Communal worship is highly participatory and features ritual dance; call and response chants performed in Yoruba and accompanied by drums; ceremonial spirit possession; ancestor veneration; and, on occasion, animal sacrifices. Lay devotees carry out a round of private offerings to the santos in their homes; priests and priestesses perform rituals and provide herbal medicine, counseling and symbolic healing to devotees and the general public. There is also a cycle of annual festivals coordinated with the Catholic saints’ feast days.
Santeria’s attitude toward religion is basically instrumental—that is, ‘if it works for you, believe it’—and, despite a history of persecution by both the Cuban government and the Catholic church, Santeria priests and devotees are generally tolerant of other religious systems.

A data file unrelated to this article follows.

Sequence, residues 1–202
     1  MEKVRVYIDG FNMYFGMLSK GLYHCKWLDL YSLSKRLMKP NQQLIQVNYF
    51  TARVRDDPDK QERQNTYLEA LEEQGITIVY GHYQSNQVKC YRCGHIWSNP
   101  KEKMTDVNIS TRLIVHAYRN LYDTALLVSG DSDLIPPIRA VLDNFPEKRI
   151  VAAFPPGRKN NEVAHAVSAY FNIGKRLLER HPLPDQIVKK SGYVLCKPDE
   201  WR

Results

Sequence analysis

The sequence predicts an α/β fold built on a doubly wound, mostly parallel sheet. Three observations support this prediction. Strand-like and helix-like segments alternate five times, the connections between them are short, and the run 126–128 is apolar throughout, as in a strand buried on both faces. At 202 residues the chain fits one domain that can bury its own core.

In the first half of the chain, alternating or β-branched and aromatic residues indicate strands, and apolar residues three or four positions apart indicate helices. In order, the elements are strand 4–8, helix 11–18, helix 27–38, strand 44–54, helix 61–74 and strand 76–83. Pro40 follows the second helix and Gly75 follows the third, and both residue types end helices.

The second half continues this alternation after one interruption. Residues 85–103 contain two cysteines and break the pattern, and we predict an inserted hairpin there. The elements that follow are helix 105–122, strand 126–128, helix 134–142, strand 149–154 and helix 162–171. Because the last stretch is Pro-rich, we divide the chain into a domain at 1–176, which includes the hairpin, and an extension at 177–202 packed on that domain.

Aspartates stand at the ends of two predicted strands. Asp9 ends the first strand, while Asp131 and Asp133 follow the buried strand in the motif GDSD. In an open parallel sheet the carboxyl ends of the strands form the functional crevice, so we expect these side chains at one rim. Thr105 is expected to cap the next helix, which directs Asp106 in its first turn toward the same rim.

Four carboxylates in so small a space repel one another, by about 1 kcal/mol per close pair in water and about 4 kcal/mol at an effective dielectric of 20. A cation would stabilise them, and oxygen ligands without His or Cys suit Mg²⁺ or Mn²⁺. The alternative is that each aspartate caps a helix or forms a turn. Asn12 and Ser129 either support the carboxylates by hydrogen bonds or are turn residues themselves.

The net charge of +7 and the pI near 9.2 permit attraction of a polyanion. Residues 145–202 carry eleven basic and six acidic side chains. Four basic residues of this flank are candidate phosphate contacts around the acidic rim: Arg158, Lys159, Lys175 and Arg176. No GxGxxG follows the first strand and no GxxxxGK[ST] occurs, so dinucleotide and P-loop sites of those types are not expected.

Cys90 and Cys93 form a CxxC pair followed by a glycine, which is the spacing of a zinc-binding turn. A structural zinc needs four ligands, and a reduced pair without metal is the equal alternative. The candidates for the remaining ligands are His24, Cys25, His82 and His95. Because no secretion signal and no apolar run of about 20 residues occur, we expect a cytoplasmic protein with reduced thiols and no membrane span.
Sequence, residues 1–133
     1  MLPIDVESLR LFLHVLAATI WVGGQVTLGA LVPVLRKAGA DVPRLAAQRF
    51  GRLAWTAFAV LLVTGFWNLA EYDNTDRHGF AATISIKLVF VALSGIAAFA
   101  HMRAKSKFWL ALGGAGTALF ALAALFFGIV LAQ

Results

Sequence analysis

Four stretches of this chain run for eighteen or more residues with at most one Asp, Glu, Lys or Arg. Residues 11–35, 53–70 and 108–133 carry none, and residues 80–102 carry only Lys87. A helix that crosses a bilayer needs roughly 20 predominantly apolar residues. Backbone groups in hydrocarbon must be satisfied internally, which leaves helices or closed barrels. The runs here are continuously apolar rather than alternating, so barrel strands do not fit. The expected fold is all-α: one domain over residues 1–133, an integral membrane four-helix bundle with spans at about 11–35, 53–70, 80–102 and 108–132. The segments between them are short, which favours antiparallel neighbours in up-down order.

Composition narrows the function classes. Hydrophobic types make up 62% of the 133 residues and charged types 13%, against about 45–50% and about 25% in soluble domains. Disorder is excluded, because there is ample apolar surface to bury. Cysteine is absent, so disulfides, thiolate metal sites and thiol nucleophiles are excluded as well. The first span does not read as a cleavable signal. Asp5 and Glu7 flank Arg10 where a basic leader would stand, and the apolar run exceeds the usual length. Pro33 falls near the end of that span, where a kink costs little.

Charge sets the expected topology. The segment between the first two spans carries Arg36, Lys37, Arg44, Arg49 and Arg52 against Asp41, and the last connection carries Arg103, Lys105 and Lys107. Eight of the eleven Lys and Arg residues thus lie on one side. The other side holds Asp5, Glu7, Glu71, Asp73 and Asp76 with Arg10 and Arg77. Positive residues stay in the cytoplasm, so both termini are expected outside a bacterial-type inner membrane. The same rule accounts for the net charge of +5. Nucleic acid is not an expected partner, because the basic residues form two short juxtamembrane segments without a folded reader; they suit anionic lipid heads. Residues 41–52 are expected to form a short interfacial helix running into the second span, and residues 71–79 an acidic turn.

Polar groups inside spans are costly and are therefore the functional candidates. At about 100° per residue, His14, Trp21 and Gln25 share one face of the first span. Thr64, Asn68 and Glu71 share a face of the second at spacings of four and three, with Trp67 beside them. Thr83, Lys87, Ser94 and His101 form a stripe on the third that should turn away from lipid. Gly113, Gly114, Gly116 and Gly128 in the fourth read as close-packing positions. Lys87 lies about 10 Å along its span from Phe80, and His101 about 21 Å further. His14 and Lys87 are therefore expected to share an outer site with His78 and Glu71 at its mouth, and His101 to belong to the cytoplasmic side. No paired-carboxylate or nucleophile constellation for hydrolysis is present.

The spread of Santeria outside of Cuba mainly owes its origins to those Cuban exiles who left in 1959 and also to those who were part of the exodus from the port of Mariel in 1980. They brought Santeria to the United States, where it spread to other Latino communities, and to African-American, White, and Asian communities as well.
From these contacts in the United States Santeria has made its way back into the Caribbean to Puerto Rico and the Dominican Republic. Cubans transplanted the religion to Mexico, and also to Venezuela. A small number of exiled santeros made their way to Europe and established Santeria in Spain, spreading it from there to other European countries.
At the dawn of the twenty-first century a Santeria revival began in Cuba, fueled by increased tolerance from the government, and increased contacts within the Santeria diaspora created by the Revolution. Aided by high speed travel and the Internet, there is greater intercommunication between the growing numbers of people inside and outside of Cuba who see themselves as devotees of the orisha.